What Time Is Love?

23rd of August 2017 according to this poster which also states that ‘The Justified Ancients Of Mu Mu are currently at work in their light industrial unit.’

K2 Plant Hire twitter here.

Bill Drummond on punk


Pulling Out Of Ricardo And The Dusk Is Falling Fast

I don’t know about you but I could do with a lie down in a darkened room for a little while.

The KLF’s Chill Out, forty four minutes and twenty seconds long, recorded in one go by Bill Drummond and Jimmy Cauty, and released in February 1990, is a mythical drive through the night up the Gulf Coast from Texas into Louisiana. Bill Drummond said at the time he’d never been to those places, it was all in his head. If you want more about the background, samples, recording, track titles and whatnot there’s more here. But maybe it’s best just to press play and let go.

It seems wrong to let today go by without a tip of the trilby to Leonard Cohen.

‘Now I bid you farewell
I don’t know when I’ll be back
They’re moving us tomorrow
To the tower down the track
But you’ll be hearing from me baby
Long after I’m gone
I’ll be speaking to you softly
From a window in the tower of song’

What Time Is Love?

It’s a long road from Liverpool’s punk scene and Big In Japan (a band described memorably recently on BBC4 as ‘less than the sum of their parts’) to global success with The KLF’s stadium house but it is the road Bill Drummond travelled between 1976 and 1991. He’s done much of interest since too but today’s post is about The KLF and their massive What Time Is Love?, remixed here by Austria’s Jurgen Koppers. Mu Mu.

What Time Is Love? (Power Mix)

Snubbed Again

The KLF- I don’t remember this interview so I must have missed this episode. I used to have a lot of them taped on VHS but they went the way of all tape and are probably landfill now. Bill Drummond and Jimmy Cauty, neither the easiest man to live with I reckon, made some fantastic records, provided a gateway to dance music for NME readers, had a good play around with notions of what it was to be a pop star and a musician, machine gunned the Brit awards, drove around the M25 for 25 hours and burnt a substantial sum of money. Bill Drummond continues to write thought provoking and interesting books. Jimmy Cauty has a vitriolic and slightly unsettling blog. All good fun.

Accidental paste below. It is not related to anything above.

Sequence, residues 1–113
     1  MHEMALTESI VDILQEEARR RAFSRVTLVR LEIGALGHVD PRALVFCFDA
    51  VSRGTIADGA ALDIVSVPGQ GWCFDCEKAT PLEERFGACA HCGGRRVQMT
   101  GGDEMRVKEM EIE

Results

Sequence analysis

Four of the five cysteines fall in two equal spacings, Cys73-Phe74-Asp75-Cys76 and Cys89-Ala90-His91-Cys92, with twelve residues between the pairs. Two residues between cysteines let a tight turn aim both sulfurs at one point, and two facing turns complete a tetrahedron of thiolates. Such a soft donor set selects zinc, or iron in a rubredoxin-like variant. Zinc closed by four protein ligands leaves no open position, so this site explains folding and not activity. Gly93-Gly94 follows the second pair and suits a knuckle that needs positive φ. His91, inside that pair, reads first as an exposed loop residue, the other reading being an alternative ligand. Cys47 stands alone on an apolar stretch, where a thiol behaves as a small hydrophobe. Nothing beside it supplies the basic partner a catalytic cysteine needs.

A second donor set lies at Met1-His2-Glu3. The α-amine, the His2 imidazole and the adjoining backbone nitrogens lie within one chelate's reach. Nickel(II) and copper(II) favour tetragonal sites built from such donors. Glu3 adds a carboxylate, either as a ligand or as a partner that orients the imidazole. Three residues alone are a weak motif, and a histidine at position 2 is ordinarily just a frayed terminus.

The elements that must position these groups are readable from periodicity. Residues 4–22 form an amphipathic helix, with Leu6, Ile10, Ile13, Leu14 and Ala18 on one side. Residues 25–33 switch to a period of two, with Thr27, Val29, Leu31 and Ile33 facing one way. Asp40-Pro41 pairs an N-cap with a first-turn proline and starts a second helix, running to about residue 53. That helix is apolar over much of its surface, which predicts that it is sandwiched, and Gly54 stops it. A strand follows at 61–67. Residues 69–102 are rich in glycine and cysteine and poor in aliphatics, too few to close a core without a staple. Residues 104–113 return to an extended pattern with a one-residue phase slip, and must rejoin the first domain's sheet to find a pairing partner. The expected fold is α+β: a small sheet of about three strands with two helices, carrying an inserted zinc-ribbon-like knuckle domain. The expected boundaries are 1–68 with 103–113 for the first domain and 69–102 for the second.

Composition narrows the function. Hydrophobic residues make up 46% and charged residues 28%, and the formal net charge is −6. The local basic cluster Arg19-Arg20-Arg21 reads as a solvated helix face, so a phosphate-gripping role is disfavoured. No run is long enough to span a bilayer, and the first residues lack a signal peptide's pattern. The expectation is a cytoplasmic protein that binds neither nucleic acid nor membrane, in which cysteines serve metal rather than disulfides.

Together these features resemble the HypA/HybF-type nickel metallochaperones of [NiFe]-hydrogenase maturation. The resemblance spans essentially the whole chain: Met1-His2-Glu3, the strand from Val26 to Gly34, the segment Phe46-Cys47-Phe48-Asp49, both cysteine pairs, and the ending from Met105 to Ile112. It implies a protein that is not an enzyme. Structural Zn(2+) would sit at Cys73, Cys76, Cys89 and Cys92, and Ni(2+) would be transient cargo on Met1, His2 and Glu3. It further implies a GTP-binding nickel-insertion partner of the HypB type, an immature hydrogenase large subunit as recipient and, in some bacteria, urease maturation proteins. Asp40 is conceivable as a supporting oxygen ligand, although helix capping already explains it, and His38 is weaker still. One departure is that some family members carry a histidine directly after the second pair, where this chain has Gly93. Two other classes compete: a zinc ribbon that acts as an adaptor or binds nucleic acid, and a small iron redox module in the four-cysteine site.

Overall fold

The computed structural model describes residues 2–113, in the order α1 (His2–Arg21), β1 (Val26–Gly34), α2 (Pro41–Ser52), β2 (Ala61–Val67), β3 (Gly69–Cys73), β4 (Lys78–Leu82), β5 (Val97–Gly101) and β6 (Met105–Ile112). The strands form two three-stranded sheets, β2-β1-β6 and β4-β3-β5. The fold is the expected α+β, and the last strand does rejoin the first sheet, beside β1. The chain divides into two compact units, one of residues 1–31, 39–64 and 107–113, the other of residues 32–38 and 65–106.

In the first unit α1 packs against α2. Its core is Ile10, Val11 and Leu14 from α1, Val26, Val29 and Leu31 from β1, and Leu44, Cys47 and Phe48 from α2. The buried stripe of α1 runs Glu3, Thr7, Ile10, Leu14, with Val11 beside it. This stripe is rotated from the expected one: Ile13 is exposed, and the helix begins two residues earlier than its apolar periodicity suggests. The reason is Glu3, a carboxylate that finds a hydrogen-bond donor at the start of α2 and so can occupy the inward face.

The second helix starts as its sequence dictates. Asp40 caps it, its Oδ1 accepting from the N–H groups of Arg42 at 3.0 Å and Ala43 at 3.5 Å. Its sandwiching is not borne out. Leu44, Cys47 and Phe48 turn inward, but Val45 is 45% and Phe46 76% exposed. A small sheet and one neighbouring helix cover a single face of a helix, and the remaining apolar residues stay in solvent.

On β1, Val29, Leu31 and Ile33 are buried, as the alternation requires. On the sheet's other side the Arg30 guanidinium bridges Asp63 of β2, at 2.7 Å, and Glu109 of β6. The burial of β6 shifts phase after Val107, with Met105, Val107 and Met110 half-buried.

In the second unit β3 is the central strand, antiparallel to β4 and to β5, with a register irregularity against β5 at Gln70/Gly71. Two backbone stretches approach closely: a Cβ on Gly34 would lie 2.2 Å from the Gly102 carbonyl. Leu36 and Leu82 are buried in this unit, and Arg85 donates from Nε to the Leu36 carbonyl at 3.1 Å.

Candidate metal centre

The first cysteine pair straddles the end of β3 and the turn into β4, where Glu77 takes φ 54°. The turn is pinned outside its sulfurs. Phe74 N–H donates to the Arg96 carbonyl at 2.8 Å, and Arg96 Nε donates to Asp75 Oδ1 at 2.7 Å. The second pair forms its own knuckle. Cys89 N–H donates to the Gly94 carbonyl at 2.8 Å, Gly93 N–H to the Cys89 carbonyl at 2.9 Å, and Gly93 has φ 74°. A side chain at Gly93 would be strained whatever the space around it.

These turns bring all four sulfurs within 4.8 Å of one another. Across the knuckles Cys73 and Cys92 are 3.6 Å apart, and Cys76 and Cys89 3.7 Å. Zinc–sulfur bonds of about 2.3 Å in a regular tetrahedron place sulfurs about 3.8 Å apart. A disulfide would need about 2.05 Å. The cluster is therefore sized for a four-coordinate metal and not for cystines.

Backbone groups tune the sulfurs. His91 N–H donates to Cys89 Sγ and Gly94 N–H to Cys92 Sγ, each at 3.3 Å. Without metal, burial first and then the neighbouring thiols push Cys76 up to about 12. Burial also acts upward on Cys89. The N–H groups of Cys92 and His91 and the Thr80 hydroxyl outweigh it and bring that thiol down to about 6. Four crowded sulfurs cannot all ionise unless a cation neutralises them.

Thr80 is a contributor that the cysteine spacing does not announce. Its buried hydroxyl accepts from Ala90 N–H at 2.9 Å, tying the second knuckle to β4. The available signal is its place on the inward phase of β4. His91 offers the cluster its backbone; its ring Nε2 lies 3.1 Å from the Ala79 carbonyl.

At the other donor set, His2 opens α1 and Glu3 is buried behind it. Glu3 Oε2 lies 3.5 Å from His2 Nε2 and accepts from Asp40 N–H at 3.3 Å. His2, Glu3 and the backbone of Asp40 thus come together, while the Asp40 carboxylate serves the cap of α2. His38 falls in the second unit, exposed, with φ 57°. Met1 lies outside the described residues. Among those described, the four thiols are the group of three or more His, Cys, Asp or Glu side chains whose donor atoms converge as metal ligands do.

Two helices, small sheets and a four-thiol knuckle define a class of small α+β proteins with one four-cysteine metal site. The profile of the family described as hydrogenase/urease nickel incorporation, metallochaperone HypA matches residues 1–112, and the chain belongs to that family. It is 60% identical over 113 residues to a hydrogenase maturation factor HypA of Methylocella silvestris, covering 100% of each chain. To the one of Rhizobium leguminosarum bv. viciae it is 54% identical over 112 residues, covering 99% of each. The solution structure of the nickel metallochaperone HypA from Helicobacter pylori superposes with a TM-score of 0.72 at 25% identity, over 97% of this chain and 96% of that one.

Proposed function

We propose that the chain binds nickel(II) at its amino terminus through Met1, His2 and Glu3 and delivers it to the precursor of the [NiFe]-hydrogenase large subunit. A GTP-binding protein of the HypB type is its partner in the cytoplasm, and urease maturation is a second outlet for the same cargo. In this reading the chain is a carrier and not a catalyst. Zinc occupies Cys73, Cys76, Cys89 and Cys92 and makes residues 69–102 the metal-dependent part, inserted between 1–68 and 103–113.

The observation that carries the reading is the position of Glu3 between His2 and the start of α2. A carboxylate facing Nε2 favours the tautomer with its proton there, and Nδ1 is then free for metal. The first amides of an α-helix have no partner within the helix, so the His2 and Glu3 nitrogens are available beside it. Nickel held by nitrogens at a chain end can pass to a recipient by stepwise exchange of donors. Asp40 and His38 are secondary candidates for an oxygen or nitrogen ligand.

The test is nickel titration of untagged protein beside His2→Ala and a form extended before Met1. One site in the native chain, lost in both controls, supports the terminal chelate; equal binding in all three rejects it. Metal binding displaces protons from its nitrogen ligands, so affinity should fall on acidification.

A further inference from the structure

Childish Forts

I got the new 7″ from Billy Childish’s latest group The Chatham Forts in the post while I was away. It’s very cool, sharp chords and plenty of vim, and featuring The KLF- Jimmy Cauty on bass and Bill Drummond on xylophone. Needless to say it doesn’t sound anything like The KLF. This has turned up on Youtube, not as angular as the single All Our Forts Are With You, but chugs away very well…

This was The KLF’s greatest moment, still sounding monumental 23 years later.

What Time Is Love?

Wild Billy Childish And The KLF

An recent email from Damaged Goods reveals another new Billy Childish band (The Chatham Forts) and a limited edition 7″ single in April. The new band sees Billy return to vocals and a ‘sound that is more akin to The Mighty Caesers / Headcoats with even a little of The Pop Rivets in there as well, a slightly angular, new wave approach’. 

So far, so good- nothing too unexpected though. The excitement and mind-boggling bit comes with the final line of the message- ‘We will have the album to follow in the summer……oh yeah, it also has Jimmy Cauty and Bill Drummond on it as well…that’s the KLF to you’.

Billy Childish and The KLF?! I know! And yet… what will it sound like? Garage rock crossed with stadium house? Or what? 

This song is from Bill Drummond’s solo lp The Man- a song named after Dumfries’ football team.

Queen Of The South

Sunday Orb

Minnie Riperton’s voice features heavily on this record too, so heavily she got a writing credit for the liberal use of her very well known, multi-octave Lovin’ You. The Orb’s A Huge Evergrowing Pulsating Brain That Rules From The Centre Of The Ultraworld is a definitive slice of 1990 ambient dance dub, and to these ears The Orb’s stuff from this point sounds better and better as each year passes. Someone once wrote that this type of music at this time had a huge sense of possibility, that in the studio (often a bedroom) and on vinyl anything was now possible. As the dance scene fractured and split and people ploughed their own furroughs in the years afterwards that sense of possibility receded a bit. Written and recorded with The KLF’s Jimmy Cauty at Transcentral, this is eight and a bit minutes of open minded, open ended brilliance.